What do Muslims believe regarding freedom of religious choice? A Koranic verse (2:256) answers: "There is no compulsion in religion" (Arabic: la ikrah fi'd-din). That sounds clear-cut and the Islamic Center of Southern California insists it is, arguing that it shows how Islam anticipated the principles in the U.S. Constitution. The center sees the First Amendment ("Congress shall make no law respecting an establishment of religion, or prohibiting the free exercise thereof") as based on concepts in the Koran's no-compulsion verse.
In a similar spirit, a former chief justice of Pakistan, S.A. Rahman, argues that the Koranic phrase contains "a charter of freedom of conscience unparalleled in the religious annals of mankind." To a Western sensibility, this interpretation makes intuitive sense. Thus does Alan Reynolds, an economist at the CATO Institute, write in the Washington Times that the verse signifies that the Koran "counsels religious tolerance."
Were it only so simple.
In fact, this deceptively simple phrase historically has had a myriad of meanings. Here are some of them, mostly premodern, deriving from two outstanding recent books, Patricia Crone's God's Rule: Government and Islam (Columbia University Press) and Yohanan Friedmann's Tolerance and Coercion in Islam (Cambridge University Press), augmented by my own research. Proceeding from least liberal to most liberal, the no-compulsion phrase is considered by Muslim authorities variously to have been:
Abrogated: The passage was overridden by subsequent Koranic verses (such as 9:73: "O Prophet! Struggle against the unbelievers and hypocrites and be harsh with them").
Purely symbolic: The phrase is a description, not an imperative. Islam's truth is so obvious that to coerce someone to become a Muslim does not amount to "compulsion"; or else being made to embrace Islam after defeat in war is not viewed as "compulsion."
Spiritual, not practical: Governments may indeed compel external obedience, though they, of course, cannot compel how Muslims think.
Limited in time and place: It applied uniquely to Jews in Medina in the seventh century.
Limited to non-Muslims who live under and accept Muslim rule: Some jurists say it applies only to "Peoples of the Book" (Christians, Jews and Zoroastrians); others say it applies to all infidels.
Excludes some non-Muslims: Apostates, women, children, prisoners of war, and others can indeed be compelled. (This is the standard interpretation that has applied in most times and places.)
Limited to all non-Muslims: Muslims must abide by the tenets of Islam and may not apostatize.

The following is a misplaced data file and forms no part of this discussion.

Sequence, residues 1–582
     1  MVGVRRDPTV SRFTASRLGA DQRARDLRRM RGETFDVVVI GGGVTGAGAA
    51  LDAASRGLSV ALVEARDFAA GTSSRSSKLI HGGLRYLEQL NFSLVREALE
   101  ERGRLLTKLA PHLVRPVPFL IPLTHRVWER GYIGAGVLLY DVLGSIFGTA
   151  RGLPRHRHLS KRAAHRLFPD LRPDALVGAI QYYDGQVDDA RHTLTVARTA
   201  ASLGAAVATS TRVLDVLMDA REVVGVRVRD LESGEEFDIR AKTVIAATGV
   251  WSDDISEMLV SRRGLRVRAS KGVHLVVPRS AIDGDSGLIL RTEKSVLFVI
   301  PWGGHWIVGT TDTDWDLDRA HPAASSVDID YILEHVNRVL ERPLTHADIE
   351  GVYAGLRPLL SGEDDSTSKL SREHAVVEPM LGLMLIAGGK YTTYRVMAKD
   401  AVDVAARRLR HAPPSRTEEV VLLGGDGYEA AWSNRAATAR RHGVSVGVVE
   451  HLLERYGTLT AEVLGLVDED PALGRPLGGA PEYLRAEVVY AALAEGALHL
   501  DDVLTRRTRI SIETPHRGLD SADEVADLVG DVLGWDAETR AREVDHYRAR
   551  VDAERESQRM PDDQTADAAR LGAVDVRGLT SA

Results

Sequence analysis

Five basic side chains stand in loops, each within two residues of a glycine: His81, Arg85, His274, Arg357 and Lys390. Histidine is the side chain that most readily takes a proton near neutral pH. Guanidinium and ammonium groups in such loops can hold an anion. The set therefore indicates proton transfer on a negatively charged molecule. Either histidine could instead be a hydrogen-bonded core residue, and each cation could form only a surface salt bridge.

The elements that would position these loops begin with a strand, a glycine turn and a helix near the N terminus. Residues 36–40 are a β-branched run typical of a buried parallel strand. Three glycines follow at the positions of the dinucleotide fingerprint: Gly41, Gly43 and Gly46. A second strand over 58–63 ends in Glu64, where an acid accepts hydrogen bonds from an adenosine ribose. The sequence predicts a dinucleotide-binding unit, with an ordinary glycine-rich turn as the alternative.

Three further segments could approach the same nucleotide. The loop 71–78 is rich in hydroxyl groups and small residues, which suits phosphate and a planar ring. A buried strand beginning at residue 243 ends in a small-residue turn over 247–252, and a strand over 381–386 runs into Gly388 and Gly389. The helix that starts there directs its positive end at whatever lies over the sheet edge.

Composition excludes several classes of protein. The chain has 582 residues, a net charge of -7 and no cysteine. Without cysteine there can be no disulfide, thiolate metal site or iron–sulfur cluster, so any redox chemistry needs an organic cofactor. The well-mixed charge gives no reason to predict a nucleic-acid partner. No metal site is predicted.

Limited to Muslims: Muslims may shift from one interpretation of their faith to another (such as from Sunni to Shia), but may not leave Islam.
Applied to all persons: Reaching the true faith must be achieved through trial and testing, and compulsion undercuts this process.
Massive disagreement over a short phrase is typical, for believers argue over the contents of all sacred books, not just the Koran. The debate over the no-compulsion verse has several important implications.
First, it shows that Islam - like all religions - is whatever believers make of it. The choices for Muslims range from Taliban-style repression to Balkan-style liberality. There are few limits; and there is no "right" or "wrong" interpretation. Muslims have a nearly clean slate to resolve what "no compulsion" means in the 21st century.
Conversely, nonspecialists should be very cautious about asserting the meaning of the Koran, which is fluid and subjective. When Alan Reynolds wrote that the no-compulsion verse means the Koran "counsels religious tolerance," he intended well but in fact misled his readers.
Further, many other areas of Islam have parallels to this debate. Muslims can decide afresh what jihad signifies, what rights women have, what role government should play, what forms of interest on money should be banned, plus much else. How they resolve these great issues affects the whole world.
Finally, although Muslims alone will make these decisions, Westerners can influence their direction. Repressive elements (such as the Saudi regime) can be set back by a reduced dependence on oil. More liberal Muslims (such as the Atatürkists) can be marginalized by letting an Islamist-led Turkey enter the European Union.
What non-Muslims do also has potentially a great impact on whether "no compulsion in religion" translates into religious tolerance or permits (as in the case of Salman Rushdie) a license to kill.
Koran 2.256 in Arabic.
Sep. 28, 2004 update: This article fleshes out an argument I made in January 2004, in "Study the Koran?" One of my reasons for saying this scripture is too complex for amateurs to interpret is its complex and elusive nature: "Contradictions in the text have been studied and reconciled over the centuries through extensive scholarly study. Some verses have been abrogated and replaced by others with contrary meanings."